In the short story, all the flashbacks are from Jake’s perspective. Jake’s the one who is kind of recalling Yang, and it really centers him in trying to find value in Yang through his memories. We do have a memory — that key memory — is Jake’s, but everything else is really Yang’s, here. I wanted to focus on this sort of lesson of what Yang is valuing and attending to in this everyday space, even though the memories are just fragments and they don’t have their own full narrative. The challenge, too, was figuring out what Yang was finding meaningful. I appreciate you asking this because there’s two levels to it with Yang.

Oh?

One is this feeling of displacement and this longing for a sense of place and his own sense of identity. I think if you’re a person of color and living in a predominantly white world, we all understand that sometimes — that feeling of displacement is our base that we’re constantly constructing and trying to build off of. The other level is more about the things that we don’t necessarily focus on, even in our search for answers and meaning. Sometimes the truth of what is meaningful is right in front of us and may be something as simple as just attending to mundane everyday things in a way that has a lot of personal value.

The movie doesn’t really go into much detail about why there are so many Chinese orphans or how Brothers & Sisters came to be the megacorporation that it is, but it all gives you just enough of an idea to wonder. In your headcanon, what has the China of this film’s reality become, not necessarily as a state actor, but as a concept? How does it loom in people’s minds?

We don’t explore it in the film, but I think there’s a sort of glimpse in Russ’ office where you see a flash of a newspaper talking about a war that had happened. Because I’m always a little bit hesitant of putting things too much in the spotlight, I didn’t want to zoom in and suddenly distract you by making it all about that. Some of this is borrowed from the short story, but I do think that there was a war and there was a real moment in China, and the liberal people of this world feel like they needed to do something in response. There are these orphaned kids that have been the consequences of a very long conflict that’s ended, but now there is this need to help because China lost that war.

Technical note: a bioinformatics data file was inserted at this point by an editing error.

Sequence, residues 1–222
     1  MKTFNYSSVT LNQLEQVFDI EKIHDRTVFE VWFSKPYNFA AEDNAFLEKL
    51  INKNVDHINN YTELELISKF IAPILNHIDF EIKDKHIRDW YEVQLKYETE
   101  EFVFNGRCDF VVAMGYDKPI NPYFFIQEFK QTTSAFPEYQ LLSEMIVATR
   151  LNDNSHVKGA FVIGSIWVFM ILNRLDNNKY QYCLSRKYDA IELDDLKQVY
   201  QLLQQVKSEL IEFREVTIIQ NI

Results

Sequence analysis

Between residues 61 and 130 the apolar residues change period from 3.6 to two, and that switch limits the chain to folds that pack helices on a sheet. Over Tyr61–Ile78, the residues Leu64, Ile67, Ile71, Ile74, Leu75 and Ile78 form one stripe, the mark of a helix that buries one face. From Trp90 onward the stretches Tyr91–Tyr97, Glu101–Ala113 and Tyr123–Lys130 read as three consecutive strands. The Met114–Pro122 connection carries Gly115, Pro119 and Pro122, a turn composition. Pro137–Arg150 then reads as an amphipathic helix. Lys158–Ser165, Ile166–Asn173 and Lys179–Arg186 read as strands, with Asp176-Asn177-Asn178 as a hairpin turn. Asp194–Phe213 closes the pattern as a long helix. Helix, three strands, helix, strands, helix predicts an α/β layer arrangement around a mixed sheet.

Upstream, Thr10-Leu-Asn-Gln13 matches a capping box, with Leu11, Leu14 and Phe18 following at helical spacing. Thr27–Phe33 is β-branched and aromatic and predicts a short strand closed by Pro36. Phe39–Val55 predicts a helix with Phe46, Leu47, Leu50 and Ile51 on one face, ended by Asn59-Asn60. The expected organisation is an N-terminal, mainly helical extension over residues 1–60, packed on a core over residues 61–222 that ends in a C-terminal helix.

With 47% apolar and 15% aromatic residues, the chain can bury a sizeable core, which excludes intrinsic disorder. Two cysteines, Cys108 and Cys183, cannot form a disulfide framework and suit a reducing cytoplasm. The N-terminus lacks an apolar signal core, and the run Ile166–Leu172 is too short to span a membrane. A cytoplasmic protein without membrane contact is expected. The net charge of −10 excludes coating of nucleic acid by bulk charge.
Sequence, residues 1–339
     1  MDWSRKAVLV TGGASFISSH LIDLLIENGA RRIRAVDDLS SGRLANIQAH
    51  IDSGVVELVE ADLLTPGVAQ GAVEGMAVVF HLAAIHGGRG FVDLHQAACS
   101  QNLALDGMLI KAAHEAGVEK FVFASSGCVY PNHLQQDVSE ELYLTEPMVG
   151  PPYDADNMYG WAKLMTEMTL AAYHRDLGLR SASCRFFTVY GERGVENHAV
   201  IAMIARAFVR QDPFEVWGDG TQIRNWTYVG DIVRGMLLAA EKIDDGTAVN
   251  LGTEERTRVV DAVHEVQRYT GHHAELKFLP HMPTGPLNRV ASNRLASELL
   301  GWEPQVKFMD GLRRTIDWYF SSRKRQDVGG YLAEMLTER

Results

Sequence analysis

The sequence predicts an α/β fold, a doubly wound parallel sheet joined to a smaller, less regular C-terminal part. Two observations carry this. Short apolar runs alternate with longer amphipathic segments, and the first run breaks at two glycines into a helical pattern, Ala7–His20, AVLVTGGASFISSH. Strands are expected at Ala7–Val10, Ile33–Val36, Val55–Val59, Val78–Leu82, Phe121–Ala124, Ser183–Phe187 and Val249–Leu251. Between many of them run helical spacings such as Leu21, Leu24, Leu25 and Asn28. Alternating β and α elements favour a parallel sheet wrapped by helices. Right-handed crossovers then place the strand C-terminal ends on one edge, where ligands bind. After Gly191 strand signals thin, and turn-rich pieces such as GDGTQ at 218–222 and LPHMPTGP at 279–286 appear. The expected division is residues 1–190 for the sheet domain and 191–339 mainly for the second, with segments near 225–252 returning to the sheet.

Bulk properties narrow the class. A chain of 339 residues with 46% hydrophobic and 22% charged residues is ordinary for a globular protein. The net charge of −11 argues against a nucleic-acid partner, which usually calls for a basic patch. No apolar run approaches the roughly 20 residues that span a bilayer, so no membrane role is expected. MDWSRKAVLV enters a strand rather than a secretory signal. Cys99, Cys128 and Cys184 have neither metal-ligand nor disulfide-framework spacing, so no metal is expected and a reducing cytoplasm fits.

This is going to bug me if I don’t ask you since you brought it up, but let’s double back to Kyra for a second. What is she working on, exactly?

So, in this world, in this city, they realize that the trees and plants need to be a vital part of their environment. Initially, the idea was that there was going to be this sort of city in a forest, and you can still see elements of that I had this idea — and there is a scientific word for it, and we won’t go into now — but it’s basically the natural cycle of leaves falling. In this future, that natural process poses a danger to the city because it creates all of this debris. At the same time, though, everyone in this world longs for seasons — the change of the seasons.

This issue may feel a little bit aesthetic, but Kyra was creating a way for trees to continue to express the passage of time, only without their leaves falling. It was meaningful to me because I think so much of this work and work that I care about is also about us recognizing a passage of time, and I think that is the thing that can often attune us. I’d written all of that into the script, but it just kind of became its own thing, and I just thought I was so fascinated by it.

What more do you want to see from speculative near-future films that are thinking about where we’re going to be as a society?

One of the things that fascinates me is our emotional attachment to things that we create. So often, the story is “AI wants to be human,” but I didn’t want to do that because I think there are a lot of great stories already exploring that. I think this idea of how ethnicity and diversity can play out in these worlds is interesting because we haven’t had many voices around to tell those sort of feature stories yet, but I think as we do, it might expand us as human beings.

But also, the thing that I was drawn to here is how grief and loss and these emotions that we feel are complicated once they become intertwined with other elements. It might seem really speculative, but that happens all the time. There are emotional attachments that we have to our pets, to our sports teams, you know? That’s what we do as humans, and I think it’s going to get more complicated as there become more *things* that we feel like we connect to on some other, deeper level.

After Yang is now in theaters and streaming on Showtime.